High investment fees cost you up to a third of your savings

You won’t find two people with more different approaches to long-term investing than Warren Buffett and John Bogle. Buffett has made billions selecting stocks (even while strongly endorsing index funds for retirement).

John Bogle, the founder of Vanguard Group, built his name on not selecting stocks. He didn’t invent passive index funds, but he sure has turned them into the preferred investment of millions of Americans.

So where do these two agree, and how can you take advantage of their most profound shared insight?

It’s simple enough: Turn off your TV. Don’t read the financial section of the paper. Shun market information entirely. Just don’t look, and you’ll be fine.

“Don’t watch the market closely,” Buffett told CNBC in an interview. “The money is made in investments by investing and by owning good companies for long periods of time. If they buy good companies, buy them over time, they’re going to do fine 10, 20, 30 years from now.”

Which mirrors what John Bogle says about what to do when markets decline. Don’t open statements, don’t obsess, don’t even look.

“One of my favorite rules is ‘Don’t peek.’ Don’t let all the noise drown out your common sense and your wisdom. Just try not to pay that much attention, because it will have no effect whatsoever, categorically, on your lifetime investment returns,” Bogle said.

Not all investments do well over time. But the investments that do well typically do very, very well. So much better than the losing investments that it doesn’t matter at all — if you manage to not mess things up.

J.P. Morgan Asset Management has this boiled down to a single chart. The chart shows returns for a variety of investment types over the past two decades — REITs, stocks, stock-and-bond portfolios, bonds alone, gold, foreign stocks and so on.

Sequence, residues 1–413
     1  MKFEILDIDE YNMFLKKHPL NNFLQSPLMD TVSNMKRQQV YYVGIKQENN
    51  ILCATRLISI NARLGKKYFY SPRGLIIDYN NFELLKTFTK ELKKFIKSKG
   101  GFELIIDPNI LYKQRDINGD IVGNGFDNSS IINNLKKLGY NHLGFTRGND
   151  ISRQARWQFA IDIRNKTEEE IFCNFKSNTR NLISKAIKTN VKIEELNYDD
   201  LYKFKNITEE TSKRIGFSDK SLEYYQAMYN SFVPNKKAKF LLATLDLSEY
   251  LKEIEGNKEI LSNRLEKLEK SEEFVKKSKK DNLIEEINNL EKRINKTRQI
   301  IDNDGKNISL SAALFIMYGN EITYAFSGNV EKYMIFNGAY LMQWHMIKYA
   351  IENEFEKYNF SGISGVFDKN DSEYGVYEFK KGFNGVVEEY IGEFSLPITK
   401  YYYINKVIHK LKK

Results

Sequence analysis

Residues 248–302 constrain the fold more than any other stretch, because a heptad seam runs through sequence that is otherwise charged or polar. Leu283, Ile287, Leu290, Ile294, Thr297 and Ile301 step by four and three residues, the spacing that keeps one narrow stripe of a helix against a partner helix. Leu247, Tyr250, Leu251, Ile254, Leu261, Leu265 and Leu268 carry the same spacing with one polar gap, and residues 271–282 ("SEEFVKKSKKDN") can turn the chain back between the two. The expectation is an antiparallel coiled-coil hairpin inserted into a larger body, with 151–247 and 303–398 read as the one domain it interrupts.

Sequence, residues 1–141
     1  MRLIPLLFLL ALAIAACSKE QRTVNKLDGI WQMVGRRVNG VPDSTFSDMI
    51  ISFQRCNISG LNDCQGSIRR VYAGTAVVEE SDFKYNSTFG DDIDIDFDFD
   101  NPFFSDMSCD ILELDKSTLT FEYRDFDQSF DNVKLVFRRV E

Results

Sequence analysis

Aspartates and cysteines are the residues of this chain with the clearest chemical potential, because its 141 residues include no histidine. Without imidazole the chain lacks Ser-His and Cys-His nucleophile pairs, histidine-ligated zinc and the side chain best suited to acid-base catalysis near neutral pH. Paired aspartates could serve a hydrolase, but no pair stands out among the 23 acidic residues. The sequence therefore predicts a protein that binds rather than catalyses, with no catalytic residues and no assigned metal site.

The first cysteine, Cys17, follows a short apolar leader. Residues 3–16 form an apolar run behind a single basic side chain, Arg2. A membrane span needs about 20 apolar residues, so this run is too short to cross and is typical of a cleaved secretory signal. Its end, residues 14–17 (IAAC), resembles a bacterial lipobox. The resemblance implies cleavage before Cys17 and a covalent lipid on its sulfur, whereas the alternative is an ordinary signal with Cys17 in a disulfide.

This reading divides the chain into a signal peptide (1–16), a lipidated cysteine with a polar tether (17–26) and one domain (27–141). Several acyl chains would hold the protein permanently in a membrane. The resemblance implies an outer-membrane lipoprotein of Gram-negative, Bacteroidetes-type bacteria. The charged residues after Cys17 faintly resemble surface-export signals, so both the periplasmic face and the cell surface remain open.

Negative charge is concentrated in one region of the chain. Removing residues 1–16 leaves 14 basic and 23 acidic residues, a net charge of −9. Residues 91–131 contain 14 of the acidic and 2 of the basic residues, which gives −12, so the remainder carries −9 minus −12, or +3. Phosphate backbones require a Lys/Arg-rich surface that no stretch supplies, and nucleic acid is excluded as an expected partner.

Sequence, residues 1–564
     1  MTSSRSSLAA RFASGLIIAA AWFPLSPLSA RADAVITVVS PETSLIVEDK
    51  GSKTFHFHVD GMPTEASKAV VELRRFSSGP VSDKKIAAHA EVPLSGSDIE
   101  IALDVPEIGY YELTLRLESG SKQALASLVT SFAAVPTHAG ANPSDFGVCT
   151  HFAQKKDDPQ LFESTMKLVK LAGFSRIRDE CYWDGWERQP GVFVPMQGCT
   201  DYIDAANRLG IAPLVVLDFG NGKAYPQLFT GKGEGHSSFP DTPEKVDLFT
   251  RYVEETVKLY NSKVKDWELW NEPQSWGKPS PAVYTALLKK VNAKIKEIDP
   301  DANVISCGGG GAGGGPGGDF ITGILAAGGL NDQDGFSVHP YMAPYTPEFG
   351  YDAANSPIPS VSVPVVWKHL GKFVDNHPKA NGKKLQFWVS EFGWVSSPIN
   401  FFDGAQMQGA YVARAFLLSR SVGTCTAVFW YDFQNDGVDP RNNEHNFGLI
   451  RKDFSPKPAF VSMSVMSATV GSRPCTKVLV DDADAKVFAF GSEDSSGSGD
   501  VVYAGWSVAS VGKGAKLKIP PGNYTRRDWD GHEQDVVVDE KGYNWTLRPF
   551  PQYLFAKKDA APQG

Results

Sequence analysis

Leaving aside volatility for a moment, REITs did great, returning 11.5%. The stock market did 9.9%, while a diversified portfolio returned 8.7%.

Way, way down on the far right of the chart you’ll find the “average investor.” The return experienced by that person was 2.5%, just a hair above inflation.

Crazy, right? Certainly that’s not the typical experience, you might say. But it is, based on a detailed analysis of mutual fund investors by Dalbar Inc.

Under pressure

The reasons why vary. Some of it is excessive fees charged by actively managed mutual funds and by financial advisors. But a big part of it is the investor “guessing wrong” on the near-term direction of stocks.

It’s buying high and selling low, the opposite of what you are supposed to do. It’s panicking in and out of stocks rather than buying them and just holding on, dollar-cost-averaging during declines and periodically rebalancing.

It’s the watching, and then reacting, that is the problem, the sin against your portfolio that Bogle and Buffett warn us against.

The problem is not the investments but the investor. The problem is our behavior, poor decisions made under pressure based on limited information and, often, exactly backwards in effect.

The answer, and I know it’s counterintuitive, is to do less. Don’t look, and you’ll retire with more.

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